You can use clonezilla live cd(who has badblock and smartctl), and in your system, you must have ONLY your HDD that you need to test.

See here some examples!


Good luck / Bafta !
Really good answer! It is true that you don't need the disk to be wiped but i had an issue once on two installs and after wiping the disk it finally worked so i figured I'd mention it.
 

donallw

New Member
Jun 18, 2022
3
0
1
Is the PVE failing to boot? Can you login or access the web gui at all?

As @Dunuin said I would run a smart stat on the drive on some other bootable OS but ultimately I’ve had drives act really weird before with smart reading fine.

In my experience proxmox is super picky about drives and works well only when they have been wiped. It sounds like you installed proxmox over HDD 1 which had windows on it and didn’t even get to use HDD 2 (right?). So that could be related.

What I would do if I were you is wipe the drives clean and try again. While you check smart status I would also run ‘fsck [disk-name]’ to check the file system. If you’re lucky the disk was just acting a bit funky. In general you just want to check the health of the disk and if it’s healthy wipe it and try again.

Also what boot mode are you using? UEFI or BIOS? Sometimes you can get issues there especially if you installed as BIOS but boot as UEFI or vice versa.
PVE is fully failing to boot, no access to web GUI.

As suggested by @Dunuin I have ran both WD Data Lifeguard (It is a WD hdd) on Windows and a smarttest on ubuntu. Both are showing a failing drive. I have included the smarttest test output below, in case I am incorrectly diagnosing this issue.

Code:
=== START OF READ SMART DATA SECTION ===
SMART Self-test log structure revision number 1
Num  Test_Description    Status                  Remaining  LifeTime(hours)  LBA_of_first_error
# 1  Extended offline    Completed: read failure       90%      6251         5480
# 2  Short offline       Completed: read failure       90%      6250         5480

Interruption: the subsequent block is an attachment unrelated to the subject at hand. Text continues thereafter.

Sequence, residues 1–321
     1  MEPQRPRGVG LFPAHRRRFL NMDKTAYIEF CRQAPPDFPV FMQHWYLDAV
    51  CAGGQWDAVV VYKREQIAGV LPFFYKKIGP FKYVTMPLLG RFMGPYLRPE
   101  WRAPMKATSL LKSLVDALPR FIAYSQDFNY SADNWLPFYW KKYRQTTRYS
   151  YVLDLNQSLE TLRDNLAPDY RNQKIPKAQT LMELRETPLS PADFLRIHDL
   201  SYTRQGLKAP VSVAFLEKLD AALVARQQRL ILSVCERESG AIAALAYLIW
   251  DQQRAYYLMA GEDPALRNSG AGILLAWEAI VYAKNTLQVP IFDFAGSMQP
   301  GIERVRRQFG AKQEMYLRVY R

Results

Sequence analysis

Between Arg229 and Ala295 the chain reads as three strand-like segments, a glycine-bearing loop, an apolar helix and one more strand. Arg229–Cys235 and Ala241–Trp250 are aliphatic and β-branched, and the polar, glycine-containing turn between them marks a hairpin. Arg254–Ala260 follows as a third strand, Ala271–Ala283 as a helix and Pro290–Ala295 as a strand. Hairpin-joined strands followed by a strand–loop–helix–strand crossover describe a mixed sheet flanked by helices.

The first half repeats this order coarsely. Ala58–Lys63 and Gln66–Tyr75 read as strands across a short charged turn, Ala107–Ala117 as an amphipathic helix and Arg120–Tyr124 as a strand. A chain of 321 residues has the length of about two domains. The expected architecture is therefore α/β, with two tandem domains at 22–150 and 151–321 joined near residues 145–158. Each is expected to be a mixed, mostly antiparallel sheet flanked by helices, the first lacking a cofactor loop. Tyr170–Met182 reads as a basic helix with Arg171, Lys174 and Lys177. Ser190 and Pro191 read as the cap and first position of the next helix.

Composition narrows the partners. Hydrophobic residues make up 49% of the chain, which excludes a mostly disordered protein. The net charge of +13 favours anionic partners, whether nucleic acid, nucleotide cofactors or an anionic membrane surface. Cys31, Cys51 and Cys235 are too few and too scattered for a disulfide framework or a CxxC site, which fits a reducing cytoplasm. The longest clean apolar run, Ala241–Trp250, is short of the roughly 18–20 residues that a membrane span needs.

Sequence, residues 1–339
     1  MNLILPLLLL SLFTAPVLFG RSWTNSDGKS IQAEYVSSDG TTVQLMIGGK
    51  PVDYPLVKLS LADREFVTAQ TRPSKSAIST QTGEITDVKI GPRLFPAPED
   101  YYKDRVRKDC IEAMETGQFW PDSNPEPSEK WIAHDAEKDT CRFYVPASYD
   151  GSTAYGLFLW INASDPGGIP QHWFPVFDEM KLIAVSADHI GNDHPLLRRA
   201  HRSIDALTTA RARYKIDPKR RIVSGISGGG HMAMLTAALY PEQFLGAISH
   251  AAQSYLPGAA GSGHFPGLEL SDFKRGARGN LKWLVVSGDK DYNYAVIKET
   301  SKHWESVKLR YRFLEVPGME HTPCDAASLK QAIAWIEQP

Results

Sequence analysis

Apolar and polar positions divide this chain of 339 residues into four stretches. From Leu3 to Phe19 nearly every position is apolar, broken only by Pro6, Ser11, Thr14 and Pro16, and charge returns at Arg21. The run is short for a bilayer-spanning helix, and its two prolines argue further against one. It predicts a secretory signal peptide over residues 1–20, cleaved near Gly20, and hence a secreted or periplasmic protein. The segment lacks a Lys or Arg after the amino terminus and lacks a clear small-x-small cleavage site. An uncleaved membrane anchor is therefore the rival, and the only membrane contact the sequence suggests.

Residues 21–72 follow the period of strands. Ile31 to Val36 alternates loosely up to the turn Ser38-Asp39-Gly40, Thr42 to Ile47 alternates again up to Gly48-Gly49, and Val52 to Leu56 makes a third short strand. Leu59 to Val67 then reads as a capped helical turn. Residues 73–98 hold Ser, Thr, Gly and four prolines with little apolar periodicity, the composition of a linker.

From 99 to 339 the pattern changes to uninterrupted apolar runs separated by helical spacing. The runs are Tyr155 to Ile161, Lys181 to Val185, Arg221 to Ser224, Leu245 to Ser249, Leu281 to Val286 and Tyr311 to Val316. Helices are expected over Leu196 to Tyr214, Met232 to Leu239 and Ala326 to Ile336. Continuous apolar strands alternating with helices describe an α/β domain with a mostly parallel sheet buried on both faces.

I ran both a short and extended test on the drive, and found that there were read failures at LBA 5480. I understand that about 90% of the drive had been remaining before this error, and as such there are likely more errors in that 90%. As a result I will be discarding the drive. I suppose once it found this error it did not finish scanning the drive.

Does anyone have an idea why this might've happened? The drive was functioning just fine when I had Windows10 installed on it, but after installing Proxmox and running it once the drive failed. Is it possible that the drive was already faulty when Win10 was installe,d and was simply not showing the symptoms yet? I had not ran any drive health checks at that point.
 

donallw

New Member
Jun 18, 2022
3
0
1
Hi,

This is not true. If a HDD is OK, then it will work just fine, even if before PMX install was other OS on it.

You could make an extensive check on your HDD using badblock(attention, you must run the a R/W badblock test, so ANY data on this disk will be deleted)

You can use clonezilla live cd(who has badblock and smartctl), and in your system, you must have ONLY your HDD that you need to test.

See here some examples!


Good luck / Bafta !

Interesting, would this perhaps fix my drive? I suppose a more generalized question would be if a drive with faulty sectors can be used again.

When you say:
You can use clonezilla live cd(who has badblock and smartctl), and in your system, you must have ONLY your HDD that you need to test.
Does this mean the only HDD I can have connected is the faulty one? Moreover, I have Ubuntu installed on an external SSD, which is what I used to run the smart tests. Would this be alright in terms of additionaly drives connected? Or must I use some form of clonezilla live cd on a usb key?
 

Dunuin

Famous Member
Jun 30, 2020
6,811
1,585
149
Germany
If your drive is starting to fail I would backup data and replace it. Once first errors start to appear it can go fast until the complete disk is dead.

It could be that the disk already was damaged but Windows used other parts of he disk that were still healthy but you are now trying to access the damaged sectors. Or windows just doesn't informed you about the problems (no one actually reads windows log files if you never use a console there). Another thing might be that the HDD was already not in a great condition and it couldn't handle the heavier server workload.

Or its simple bad timing and not related at all.
 
Last edited: